But there is a precedent for this kind of exclusion. Amid the global financial crisis in 2008, Congress handed out tax rebates to most American taxpayers, except for the spouses of immigrants who didn’t have Social Security numbers.

What the exclusion means for mixed-status families

Most of the families of the children named in Wednesday’s lawsuit have a combined income of no more than $30,000 and, absent financial support from the federal government, are struggling to stay afloat.

One parent, identified only as N.R. in the complaint, lost her job at a restaurant during the pandemic and her partner has also been unable to work because he contracted Covid-19. The family has no income and depends on community support as well as food from her child’s school system in order to survive.

Another parent, C.V., lost her job at a catering company and has had to pick up part-time work at a restaurant, but she fears that she won’t be able to pay rent and will be evicted along with her child. And H.G.T., who has three children, hasn’t been able to afford internet access, which has become necessary as her older children try to attend school online.

Mixed-status couples are also suffering from being denied stimulus checks. Sarah and her husband Juan, who asked to be identified only by their first names to protect their privacy, are one such couple living in Evansville, Indiana. She is a born-and-raised US citizen, but he came to the US 14 years ago from Honduras without authorization, seeking to earn enough money to support his parents and siblings back home.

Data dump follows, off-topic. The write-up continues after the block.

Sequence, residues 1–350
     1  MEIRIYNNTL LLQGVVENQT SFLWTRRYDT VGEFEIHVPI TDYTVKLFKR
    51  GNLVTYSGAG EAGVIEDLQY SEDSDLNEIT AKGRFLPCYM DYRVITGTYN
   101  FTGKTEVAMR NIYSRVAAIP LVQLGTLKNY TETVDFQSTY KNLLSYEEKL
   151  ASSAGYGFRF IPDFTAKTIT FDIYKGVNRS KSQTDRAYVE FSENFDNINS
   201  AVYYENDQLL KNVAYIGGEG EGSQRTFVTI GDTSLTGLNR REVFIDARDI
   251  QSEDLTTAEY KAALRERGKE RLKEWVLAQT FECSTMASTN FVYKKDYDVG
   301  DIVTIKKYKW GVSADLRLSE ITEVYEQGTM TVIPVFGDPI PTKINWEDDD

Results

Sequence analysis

The couple married three years ago, and shortly thereafter, she started the process of sponsoring him for a green card. He’s still waiting for an interview at a consulate in Honduras, which has been postponed on account of the pandemic. But if all goes to plan, he will soon have permanent residency and be issued a Social Security number.

In the meantime, however, Juan is still living in the US as an unauthorized immigrant, filing taxes under an ITIN. Neither he nor Sarah, therefore, are eligible for stimulus checks.

Sarah is continuing to work from home during the pandemic, working in medical billing and making $45,000 a year. And Juan chose to take a month off from his job in painting and construction because they feared he would contract the virus at work, but he is now back on the job. She said that, together, they make a decent living, but they do have a lot of expenses, including his biweekly $120 remittances for his family in Honduras so they can buy food and pay their water and electric bills.

Still, she’s angry that both she and her husband are being penalized during the pandemic.

“While not receiving the stimulus hasn’t been a burden, it feels like a slap in the face as a US citizen that even I won’t get it,” she said. “I, personally, am not opposed to my tax dollars paying for undocumented immigrants receiving aid during this pandemic, but I can understand why our government wouldn’t do this. But me? A US citizen? I’m insulted and angry. I feel like my country does not care about me in the slightest.”